Nagara Gawa Railway Bridge after the earthquake, Japan, 1891.
© Science Museum / Science & Society Picture Library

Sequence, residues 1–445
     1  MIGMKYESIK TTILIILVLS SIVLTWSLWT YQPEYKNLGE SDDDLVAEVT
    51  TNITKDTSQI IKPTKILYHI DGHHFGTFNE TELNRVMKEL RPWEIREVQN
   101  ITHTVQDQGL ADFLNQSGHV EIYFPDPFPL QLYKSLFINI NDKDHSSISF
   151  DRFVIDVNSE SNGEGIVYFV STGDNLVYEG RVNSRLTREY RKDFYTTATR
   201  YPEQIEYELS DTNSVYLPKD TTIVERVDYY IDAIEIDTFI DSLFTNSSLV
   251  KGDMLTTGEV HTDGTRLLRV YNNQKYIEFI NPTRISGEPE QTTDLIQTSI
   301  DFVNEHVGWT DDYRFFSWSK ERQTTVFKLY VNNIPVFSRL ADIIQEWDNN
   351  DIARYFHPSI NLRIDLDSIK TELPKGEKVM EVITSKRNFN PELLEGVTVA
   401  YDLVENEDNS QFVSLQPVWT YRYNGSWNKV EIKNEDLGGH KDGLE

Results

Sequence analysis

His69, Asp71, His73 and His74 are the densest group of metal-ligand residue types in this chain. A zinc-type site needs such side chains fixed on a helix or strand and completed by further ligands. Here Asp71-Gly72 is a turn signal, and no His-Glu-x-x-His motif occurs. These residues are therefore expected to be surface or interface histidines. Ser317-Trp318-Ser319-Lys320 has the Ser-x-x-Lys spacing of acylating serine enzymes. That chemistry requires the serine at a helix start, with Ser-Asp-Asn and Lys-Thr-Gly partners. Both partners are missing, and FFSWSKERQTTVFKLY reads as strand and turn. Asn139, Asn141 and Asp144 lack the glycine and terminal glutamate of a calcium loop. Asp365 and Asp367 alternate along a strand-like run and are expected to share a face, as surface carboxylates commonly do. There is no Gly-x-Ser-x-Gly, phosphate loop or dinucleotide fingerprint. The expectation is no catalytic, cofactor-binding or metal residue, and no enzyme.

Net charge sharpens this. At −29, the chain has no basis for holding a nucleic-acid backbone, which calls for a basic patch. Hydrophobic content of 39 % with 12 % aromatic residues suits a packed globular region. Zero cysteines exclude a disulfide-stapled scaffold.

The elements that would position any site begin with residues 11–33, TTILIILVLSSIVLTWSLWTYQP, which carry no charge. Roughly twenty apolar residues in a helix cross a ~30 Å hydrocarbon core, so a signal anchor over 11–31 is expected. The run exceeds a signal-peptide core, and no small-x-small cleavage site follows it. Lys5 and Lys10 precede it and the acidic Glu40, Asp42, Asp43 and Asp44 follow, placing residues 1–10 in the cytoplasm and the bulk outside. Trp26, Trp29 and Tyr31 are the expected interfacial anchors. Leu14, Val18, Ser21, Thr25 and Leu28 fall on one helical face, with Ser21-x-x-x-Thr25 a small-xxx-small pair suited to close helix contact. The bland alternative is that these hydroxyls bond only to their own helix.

Earthquakes had a devastating effect upon western-built engineering structures. John Milne (1850-1913) wrote: 'we see the broken cast iron piers lying on the dry shingly bed of the river,...the original line of the bridge has, in its central part, been deflected up stream…Whether it is possible for engineers to build bridges which will resist such large bodily displacements…is a matter of question'. Illustration from Milne's 'The great earthquake in Japan, 1891', published in Yokohama, c 1892. Milne was a professor at the Imperial College of Engineering in Tokyo, and together with W K Burton and other colleagues developed modern seismological techniques which they used to study the 1891 earthquake. Milne and Burton also took the photographs for the book.